Pope Innocent VIII (Latin: Innocentius VIII; 1432 – 25 July 1492), born Giovanni Battista Cybo (or Cibo), was Pope from 29 August 1484 to his death in 1492. Born into a prominent Genoese family he entered the church and was made bishop in 1467 before being elevated to the rank of cardinal by Pope Sixtus IV. He was elected Pope in 1484, as a compromise candidate, after a stormy conclave. As pope, he personally endorsed and gave official Church approval to the Malleus Maleficarum, a controversial fifteenth-century guide to witch hunting.
Giovanni Battista Cybo (or Cibo) was born in Genoa of Greek ancestry, the son of Arano Cybo or Cibo (c. 1375-c. 1455) and his wife Teodorina de Mari (c. 1380-), of an old Genoese family. Arano Cybo was viceroy of Naples and then a senator in Rome under Pope Calixtus III (1455–58). Giovanni Battista's early years were spent at the Neapolitan court, and subsequently he went to Padua and Rome for his education.
In Rome he became a priest in the retinue of cardinal Calandrini, half-brother to Pope Nicholas V (1447–55). In 1467, he was made Bishop of Savona by Pope Paul II, but exchanged this see in 1472 for that of Molfetta in south-eastern Italy. In 1473, with the support of Giuliano Della Rovere, later Pope Julius II, he was made cardinal by Pope Sixtus IV, whom he succeeded on 29 August 1484 as Pope Innocent VIII.
The papal conclave of 1484 was riven with faction, while gangs rioted in the streets. In order to prevent the election of the Venetian Cardinal Barbo, Camerlengo of the Sacred College of Cardinals, on the evening before the election, after the cardinals had retired for the night, the Dean of the College of Cardinals, Cardinal Giuliano della Rovere, nephew of the late Pope, and Cardinal Borgia, the Vice-Chancellor, visited a number of cardinals and secured their votes with the promise of various benefices.
Shortly after his coronation Innocent VIII addressed a fruitless summons to Christendom to unite in a crusade against the Turks. A protracted conflict with King Ferdinand I of Naples was the principal obstacle. Ferdinand's oppressive government led in 1485 to a rebellion of the aristocracy, known as the Conspiracy of the Barons, which included Francesco Coppola and Antonello Sanseverino of Salerno and was supported by Pope Innocent VIII. Innocent excommunicated him in 1489 and invited King Charles VIII of France to come to Italy with an army and take possession of the Kingdom of Naples, a disastrous political event for the Italian peninsula as a whole. The immediate conflict was not ended until 1494, after Innocent VIII's death.
Bayezid II ruled as Sultan of the Ottoman Empire from 1481 to 1512. His rule was contested by his brother Cem who sought the support of the Mamluks of Egypt. Defeated by his brother's armies, Cem sought protection from the Knights of St. John in Rhodes. Prince Cem offered perpetual peace between the Ottoman Empire and Christendom. However, the sultan paid the Knights a large amount to keep Cem captive. Cem was later sent to the castle of Pierre d'Aubusson in France. Sultan Bayezid sent a messenger to France and requested Cem to be kept there; he agreed to make an annual payment in gold for his brother's expenses.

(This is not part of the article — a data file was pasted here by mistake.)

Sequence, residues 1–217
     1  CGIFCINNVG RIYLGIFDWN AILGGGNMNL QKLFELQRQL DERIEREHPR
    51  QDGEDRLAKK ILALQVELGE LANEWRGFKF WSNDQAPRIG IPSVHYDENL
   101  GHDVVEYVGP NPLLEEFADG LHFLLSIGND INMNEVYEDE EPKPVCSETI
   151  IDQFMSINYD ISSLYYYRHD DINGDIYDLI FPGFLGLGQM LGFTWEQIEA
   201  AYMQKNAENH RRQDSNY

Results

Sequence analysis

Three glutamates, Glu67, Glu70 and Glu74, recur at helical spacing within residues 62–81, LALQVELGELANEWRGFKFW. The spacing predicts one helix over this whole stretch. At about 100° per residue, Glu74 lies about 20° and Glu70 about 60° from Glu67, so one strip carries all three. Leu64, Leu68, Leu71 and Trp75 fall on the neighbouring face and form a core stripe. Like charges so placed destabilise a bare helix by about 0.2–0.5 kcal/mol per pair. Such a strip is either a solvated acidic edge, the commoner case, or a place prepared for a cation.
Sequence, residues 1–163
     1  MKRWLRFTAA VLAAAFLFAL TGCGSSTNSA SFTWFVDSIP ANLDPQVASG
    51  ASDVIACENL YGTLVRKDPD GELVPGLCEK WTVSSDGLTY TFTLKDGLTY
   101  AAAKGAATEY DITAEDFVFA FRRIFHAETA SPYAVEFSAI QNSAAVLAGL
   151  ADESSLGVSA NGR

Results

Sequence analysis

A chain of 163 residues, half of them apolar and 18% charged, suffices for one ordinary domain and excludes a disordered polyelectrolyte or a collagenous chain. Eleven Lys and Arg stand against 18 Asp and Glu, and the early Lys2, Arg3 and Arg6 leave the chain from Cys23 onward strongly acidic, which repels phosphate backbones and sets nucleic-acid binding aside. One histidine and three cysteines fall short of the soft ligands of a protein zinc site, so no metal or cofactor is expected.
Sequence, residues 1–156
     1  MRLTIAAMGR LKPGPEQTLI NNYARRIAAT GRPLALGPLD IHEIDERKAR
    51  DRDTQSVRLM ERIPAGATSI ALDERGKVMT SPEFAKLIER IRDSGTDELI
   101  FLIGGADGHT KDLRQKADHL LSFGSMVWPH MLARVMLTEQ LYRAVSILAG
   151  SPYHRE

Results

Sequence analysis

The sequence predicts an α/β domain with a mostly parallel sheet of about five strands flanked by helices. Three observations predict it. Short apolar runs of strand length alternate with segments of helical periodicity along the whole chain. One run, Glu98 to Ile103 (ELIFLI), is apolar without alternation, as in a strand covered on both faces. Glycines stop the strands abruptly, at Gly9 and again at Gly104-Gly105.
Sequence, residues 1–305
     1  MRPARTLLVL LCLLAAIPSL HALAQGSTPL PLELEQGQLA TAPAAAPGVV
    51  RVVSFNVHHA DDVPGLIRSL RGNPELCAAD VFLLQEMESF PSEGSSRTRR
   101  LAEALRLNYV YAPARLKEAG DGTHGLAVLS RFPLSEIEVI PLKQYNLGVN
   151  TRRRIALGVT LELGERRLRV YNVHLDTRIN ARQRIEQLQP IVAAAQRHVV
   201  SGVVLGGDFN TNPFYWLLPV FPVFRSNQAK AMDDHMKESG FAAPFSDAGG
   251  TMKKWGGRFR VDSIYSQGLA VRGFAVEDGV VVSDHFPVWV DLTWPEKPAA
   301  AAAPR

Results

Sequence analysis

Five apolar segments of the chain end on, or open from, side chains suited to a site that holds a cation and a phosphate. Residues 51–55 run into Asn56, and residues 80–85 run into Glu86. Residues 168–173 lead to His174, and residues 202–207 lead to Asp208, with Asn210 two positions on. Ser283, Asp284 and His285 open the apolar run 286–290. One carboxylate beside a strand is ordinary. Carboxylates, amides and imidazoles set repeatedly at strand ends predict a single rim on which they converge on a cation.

In March 1489 Cem was transferred to the custody of Innocent VIII. Cem's presence in Rome was useful because whenever Bayezid intended to launch a military campaign against the Christian nations of the Balkans, the Pope would threaten to release his brother. In exchange for maintaining the custody of Cem, Bayezid paid Innocent VIII 120,000 crowns, a relic of the Holy Lance, and an annual fee of 45,000 ducats. Cem died in Capua on February 25, 1495, while on a military expedition under the command of King Charles VIII of France to conquer Naples .
The bull was written in response to the request of Dominican Heinrich Kramer for explicit authority to prosecute witchcraft in Germany, after he was refused assistance by the local ecclesiastical authorities, who disputed his authority to work in their dioceses. Some scholars view the bull as "clearly political", motivated by jurisdictional disputes between the local German Catholic priests and clerics from the Office of the Inquisition who answered more directly to the pope.
Nonetheless, the bull failed to ensure that Kramer obtained the support he had hoped for, causing him to retire and to compile his views on witchcraft into his book Malleus Maleficarum, which was published in 1487. Kramer would later claim that witchcraft was to blame for bad weather. Both the papal letter appended to the work and the supposed endorsement of Cologne University for it are problematic. The letter of Innocent VIII is not an approval of the book to which it was appended, but rather a charge to inquisitors to investigate diabolical sorcery and a warning to those who might impede them in their duty, that is, a papal letter in the by then conventional tradition established by John XXII and other popes through Eugenius IV and Nicholas V (1447–55).